Description. Measurements, scalation and body proportions of eight adult specimens are listed in Table 3. The examined specimens roughly conform to the previous descriptions ( Boulenger 1888; Zhao et al. 1998), and show significant variation. Body cylindrical; adult specimens measuring 378–462 mm in TL; tail short, TaL of 15–20% of TL; Head small, indistinct from neck; rostral concave, visible from above, slightly enlarged, more than twice as broad as deep, RW 31–37% of HW; nasal directed dorsolaterally, rectangular or pentagonal, in contact with first two supralabials ventrally, with loreal and prefrontal posteriorly, with internasal dorsally, with rostral anteriorly; a short vertical cleft below the nostril and dividing nasal into anterior and posterior parts, pointing to the posterior upper-angle of first supralabial (n=3), to the anterior upper-angle of second supralabial (n=3), or connecting with the suture between first and second supralabials (n=4); a single loreal, more than twice as long as deep (LoL/LoD 2.1–2.9), not in contact with internasal, in contact with second, third and fourth supralabials (in contact with second, third, fourth and fifth in left side of head of SYS r000803), whereas only in contact with third and fourth supralabials in original description ( Boulenger 1888); in specimens SYS r001423, SYS r001020, 0 893 and 0 607, loreal not entering the orbit, preoculars 2–3 (3 only on right side in SYS r001423), upper one significantly larger than the lower ones; in SYS r001424, SYS r000803, 1382, 1082, 1017 and 1383, loreal entering the orbit, preocular absent in SYS r000803, 1382 and 1383, present a small preocular under the loreal in SYS r001424, SYS r001082 and SYS r001017; postoculars 1–2; anterior temporal single, significantly prolonged (anterior temporal broken into three in specimen SYS r001423); posterior temporals two, only one on left side of head in specimen SYS r001423; supralabials 8/ 8 in all adults, 7/ 7 in two juveniles, commonly first three rectangular, the last one significantly smaller than the adjacent preceding supralabial; the fifth, or fourth and fifth, or fourth, fifth and sixth supralabials touching the orbit; 7–10 infralabials, the first one in contact with its fellow behind the mental; two pairs of chin shields; anterior chin-shields large, in contact with each other, and in contact with the first four or first five infralabials on both sides; posterior chin shields small and separated by small scales; dorsal scale rows 17:17:17; dorsal scales weakly keeled throughout the body in previous description ( Zhao et al. 1998; Teynie et al. 2014), whereas smooth on the anterior neck in our specimens, first presenting barely perceptible weak keel on 10th vertebral scale in SYS r001423, on 13th in SYS r001424, 15th in SYS r000803 and 1382, 17th in SYS r001020, 18th in SYS r001082, 21st in SYS r000607, 30th in SYS r001017, 46th in SYS r001383, 58th in SYS r000893, and gradually visible posteriorly; dorsal scales moderately and visibly keeled at mid-body to posterior part of body, the outermost row smooth; dorsal scales rather strongly keeled on tail; V 141–174; cloacal plate divided; subcaudals 43–59, paired.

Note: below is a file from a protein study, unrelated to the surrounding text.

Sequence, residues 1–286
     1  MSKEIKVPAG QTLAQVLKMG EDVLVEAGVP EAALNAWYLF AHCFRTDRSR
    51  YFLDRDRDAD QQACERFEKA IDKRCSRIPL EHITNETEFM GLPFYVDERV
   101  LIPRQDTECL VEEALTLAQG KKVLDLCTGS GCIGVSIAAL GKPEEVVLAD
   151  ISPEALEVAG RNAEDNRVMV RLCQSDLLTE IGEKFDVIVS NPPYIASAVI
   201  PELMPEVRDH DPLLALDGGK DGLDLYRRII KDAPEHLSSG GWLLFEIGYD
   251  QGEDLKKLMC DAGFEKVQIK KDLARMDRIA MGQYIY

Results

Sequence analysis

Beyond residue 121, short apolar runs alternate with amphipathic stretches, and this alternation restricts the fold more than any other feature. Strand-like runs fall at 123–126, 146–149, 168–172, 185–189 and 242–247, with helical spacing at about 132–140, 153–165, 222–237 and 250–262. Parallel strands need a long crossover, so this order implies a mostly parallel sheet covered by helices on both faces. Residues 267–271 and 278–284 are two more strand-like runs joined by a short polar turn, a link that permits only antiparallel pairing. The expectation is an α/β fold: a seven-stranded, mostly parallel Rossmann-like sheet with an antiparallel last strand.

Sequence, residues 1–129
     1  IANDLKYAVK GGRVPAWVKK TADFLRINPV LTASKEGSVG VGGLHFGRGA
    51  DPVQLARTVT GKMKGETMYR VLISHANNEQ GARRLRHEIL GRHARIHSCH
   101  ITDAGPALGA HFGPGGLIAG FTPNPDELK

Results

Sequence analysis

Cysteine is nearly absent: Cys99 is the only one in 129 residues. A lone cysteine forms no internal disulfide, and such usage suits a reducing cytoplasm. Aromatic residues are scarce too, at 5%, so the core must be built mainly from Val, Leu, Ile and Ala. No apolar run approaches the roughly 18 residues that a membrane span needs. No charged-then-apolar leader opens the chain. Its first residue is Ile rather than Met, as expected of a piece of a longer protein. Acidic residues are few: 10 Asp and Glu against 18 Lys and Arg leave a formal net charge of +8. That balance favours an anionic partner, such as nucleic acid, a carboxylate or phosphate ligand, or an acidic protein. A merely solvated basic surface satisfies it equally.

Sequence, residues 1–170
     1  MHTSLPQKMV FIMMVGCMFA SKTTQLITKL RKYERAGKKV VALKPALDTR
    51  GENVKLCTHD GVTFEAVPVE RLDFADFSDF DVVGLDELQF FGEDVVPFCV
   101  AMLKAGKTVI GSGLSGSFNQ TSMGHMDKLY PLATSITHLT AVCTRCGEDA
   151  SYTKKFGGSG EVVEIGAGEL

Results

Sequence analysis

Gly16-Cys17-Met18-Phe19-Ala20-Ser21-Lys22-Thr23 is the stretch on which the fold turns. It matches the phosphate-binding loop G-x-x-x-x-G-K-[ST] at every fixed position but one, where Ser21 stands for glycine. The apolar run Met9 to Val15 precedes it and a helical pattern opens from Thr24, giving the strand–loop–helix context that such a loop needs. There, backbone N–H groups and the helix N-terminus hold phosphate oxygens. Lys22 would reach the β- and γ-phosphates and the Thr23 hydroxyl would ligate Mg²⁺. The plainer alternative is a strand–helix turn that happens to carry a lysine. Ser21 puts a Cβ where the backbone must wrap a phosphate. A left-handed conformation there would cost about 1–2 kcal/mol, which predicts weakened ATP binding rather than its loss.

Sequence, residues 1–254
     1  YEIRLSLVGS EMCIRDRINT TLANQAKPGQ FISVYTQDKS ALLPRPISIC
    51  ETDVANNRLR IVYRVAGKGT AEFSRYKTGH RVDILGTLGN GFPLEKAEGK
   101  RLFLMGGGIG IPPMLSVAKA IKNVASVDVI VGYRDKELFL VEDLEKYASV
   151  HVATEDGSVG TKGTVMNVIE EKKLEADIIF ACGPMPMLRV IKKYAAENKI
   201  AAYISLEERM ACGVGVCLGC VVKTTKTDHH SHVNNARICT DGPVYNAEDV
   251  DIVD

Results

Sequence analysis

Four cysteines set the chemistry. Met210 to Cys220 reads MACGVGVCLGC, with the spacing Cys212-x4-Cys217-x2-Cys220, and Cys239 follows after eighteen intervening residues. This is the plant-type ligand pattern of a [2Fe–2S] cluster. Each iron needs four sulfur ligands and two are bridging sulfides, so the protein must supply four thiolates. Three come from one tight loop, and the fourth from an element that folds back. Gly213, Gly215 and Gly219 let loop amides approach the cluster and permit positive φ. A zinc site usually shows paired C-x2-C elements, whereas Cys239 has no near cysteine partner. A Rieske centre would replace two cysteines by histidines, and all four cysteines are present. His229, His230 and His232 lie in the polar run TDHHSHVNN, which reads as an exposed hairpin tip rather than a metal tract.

Coloration in life. Dorsal surfaces of head, body and tail olive-green to olive-brown, usually each scale with black lateral edges, forming distinct or barely perceptible longitudinal black stripes parallel to each other, crossing each scale ( Fig. 4View FIGURE 4); sometimes dorsal scales with light-colored posterior edge; the most outer a scale row yellow, usually with black upper edge; mental and infralabials black-brown; venter yellow in adult specimens, yellowishwhite in juvenile specimens; chin shields, throat, subcaudals usually with black markings; in SYS r000807, each ventral scale with a middle black spot, formed a longitudinal row along medioventral line.